Selecting from a variable number of tokio TcpStreams

I'm writing a small TCP game server with tokio. It accepts connections, manages them in a vec, and broadcasts game state periodically. Here's what that code looks like so far:

use std::error::Error;
use std::time::Duration;
use tokio::net::TcpListener;

async fn main() -> Result<(), Box<dyn Error>> {

    let mut tick_interval = tokio::time::interval(Duration::from_secs(1));
    let mut tcp_listener = TcpListener::bind("").await?;
    let mut streams = Vec::new();

    loop {
        tokio::select! {
            _ = tick_interval.tick() => println!("tick"),
            accept_result = tcp_listener.accept() => {
                match accept_result {
                    Ok((stream, sock_addr)) => streams.push(stream),
                    Err(err) => {
                        eprintln!("{}", err);
            // TODO How to await on a message being received from any one of our tcp streams?

I'd like to add a third branch to the tokio::select! statement to read messages from each TcpStream and modify some shared state based on them, but I'm not sure of the best way to do that. My ideas are:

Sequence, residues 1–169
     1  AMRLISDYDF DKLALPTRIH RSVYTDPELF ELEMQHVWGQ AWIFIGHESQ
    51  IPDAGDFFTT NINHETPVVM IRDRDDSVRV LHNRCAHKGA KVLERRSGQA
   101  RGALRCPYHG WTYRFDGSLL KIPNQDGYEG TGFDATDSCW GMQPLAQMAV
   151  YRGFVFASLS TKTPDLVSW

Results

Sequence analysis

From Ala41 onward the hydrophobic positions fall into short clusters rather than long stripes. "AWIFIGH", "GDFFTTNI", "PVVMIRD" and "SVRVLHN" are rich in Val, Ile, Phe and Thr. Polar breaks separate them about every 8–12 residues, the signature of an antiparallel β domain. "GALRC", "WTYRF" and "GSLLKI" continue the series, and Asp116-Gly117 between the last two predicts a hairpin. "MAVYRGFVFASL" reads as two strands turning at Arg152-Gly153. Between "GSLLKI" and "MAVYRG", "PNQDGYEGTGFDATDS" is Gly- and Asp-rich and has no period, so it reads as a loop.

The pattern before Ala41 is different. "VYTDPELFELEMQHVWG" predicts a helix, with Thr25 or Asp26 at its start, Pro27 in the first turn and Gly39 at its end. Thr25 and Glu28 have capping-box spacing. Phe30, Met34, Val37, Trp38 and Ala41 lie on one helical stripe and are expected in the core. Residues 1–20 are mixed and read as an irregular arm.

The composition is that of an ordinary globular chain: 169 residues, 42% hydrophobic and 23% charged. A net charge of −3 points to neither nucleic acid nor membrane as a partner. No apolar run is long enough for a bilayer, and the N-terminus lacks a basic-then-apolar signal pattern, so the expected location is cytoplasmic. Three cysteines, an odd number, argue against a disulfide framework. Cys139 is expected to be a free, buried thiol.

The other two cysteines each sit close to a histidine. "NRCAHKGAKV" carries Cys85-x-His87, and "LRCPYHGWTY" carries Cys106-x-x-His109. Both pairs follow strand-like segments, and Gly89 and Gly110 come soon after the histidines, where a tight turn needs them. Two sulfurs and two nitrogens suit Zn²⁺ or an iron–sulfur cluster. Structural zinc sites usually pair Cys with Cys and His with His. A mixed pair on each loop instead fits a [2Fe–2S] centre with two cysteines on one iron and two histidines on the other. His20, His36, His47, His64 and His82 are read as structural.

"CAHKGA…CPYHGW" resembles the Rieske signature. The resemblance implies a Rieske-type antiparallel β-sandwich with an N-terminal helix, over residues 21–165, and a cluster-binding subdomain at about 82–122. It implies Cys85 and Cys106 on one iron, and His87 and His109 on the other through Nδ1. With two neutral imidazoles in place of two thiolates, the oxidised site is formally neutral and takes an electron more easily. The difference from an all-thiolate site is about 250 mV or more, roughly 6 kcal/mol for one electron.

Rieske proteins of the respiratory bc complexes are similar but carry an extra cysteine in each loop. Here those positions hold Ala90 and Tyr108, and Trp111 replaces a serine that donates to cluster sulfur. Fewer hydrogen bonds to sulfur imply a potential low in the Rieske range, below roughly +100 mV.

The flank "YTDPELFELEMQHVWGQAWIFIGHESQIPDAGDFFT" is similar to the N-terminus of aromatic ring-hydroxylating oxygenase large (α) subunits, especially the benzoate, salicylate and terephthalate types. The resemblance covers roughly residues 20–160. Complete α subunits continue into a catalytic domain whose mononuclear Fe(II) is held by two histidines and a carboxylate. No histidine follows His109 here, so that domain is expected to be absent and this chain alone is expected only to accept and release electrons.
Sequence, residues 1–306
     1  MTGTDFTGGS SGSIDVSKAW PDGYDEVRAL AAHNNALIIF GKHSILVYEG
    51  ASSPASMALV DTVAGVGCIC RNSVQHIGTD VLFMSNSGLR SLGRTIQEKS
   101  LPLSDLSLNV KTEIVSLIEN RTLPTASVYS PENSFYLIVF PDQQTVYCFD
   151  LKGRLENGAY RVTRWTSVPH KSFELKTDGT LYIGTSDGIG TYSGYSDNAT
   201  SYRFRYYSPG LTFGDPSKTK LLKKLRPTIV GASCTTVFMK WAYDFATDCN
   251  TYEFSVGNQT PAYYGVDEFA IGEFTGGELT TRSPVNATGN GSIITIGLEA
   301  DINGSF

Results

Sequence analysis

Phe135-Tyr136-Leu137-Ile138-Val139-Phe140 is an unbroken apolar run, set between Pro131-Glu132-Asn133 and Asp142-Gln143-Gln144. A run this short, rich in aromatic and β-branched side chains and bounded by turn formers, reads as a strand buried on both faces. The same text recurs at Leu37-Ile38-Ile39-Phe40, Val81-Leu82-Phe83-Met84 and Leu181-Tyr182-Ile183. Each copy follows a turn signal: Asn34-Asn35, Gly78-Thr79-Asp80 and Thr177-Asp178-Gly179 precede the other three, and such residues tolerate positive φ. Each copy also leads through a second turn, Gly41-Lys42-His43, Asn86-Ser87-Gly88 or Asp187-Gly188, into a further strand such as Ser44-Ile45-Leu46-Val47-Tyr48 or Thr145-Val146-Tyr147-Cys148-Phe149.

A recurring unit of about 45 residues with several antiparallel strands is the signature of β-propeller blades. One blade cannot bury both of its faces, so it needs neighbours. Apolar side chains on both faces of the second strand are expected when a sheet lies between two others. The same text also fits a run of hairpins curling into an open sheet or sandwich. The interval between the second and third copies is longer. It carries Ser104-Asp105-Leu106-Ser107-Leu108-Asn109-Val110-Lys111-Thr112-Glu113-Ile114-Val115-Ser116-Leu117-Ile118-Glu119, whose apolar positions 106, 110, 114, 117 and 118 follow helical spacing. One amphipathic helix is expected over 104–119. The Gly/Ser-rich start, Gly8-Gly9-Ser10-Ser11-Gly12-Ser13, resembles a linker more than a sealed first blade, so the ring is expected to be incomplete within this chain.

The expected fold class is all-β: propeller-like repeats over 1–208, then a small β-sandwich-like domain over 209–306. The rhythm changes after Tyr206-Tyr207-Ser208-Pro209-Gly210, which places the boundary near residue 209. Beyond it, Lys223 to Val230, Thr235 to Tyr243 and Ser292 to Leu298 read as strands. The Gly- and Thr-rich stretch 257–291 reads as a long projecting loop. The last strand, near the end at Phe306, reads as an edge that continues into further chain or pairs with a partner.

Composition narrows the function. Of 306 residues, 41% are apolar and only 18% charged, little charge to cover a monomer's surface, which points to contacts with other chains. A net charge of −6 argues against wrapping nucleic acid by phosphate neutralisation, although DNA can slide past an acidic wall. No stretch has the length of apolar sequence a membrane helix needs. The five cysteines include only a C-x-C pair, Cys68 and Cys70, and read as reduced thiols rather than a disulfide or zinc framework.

a) Spawn a task for each connection in the accept branch, as well as two channels to send and receive messages going between the tokio::select! loop and the task.

b) Merge the streams together and await on the result in a third branch in the tokio::select! statement.

b) seems way more elegant to me. tokio::stream::StreamExt::merge could do the trick, or if I map the streams into an iterator of futures::stream::Stream then I could use futures::stream::select_all or another combinator to do the trick.

Am I overlooking any obvious solutions, or are any of these proposals clearly better than the others?

Moving each connection to its own task is pretty much always better than trying to await them all in the same task. Generally the recommended design for network games with Tokio is to have a task that manages the game itself, and uses channels to talk to connections with the connections handling IO in a separate task. Generally you don't want to have game logic in the connection task — it would just forward messages coming from the game loop.

I have a small project lying around with this structure here, which you can check out for inspiration.

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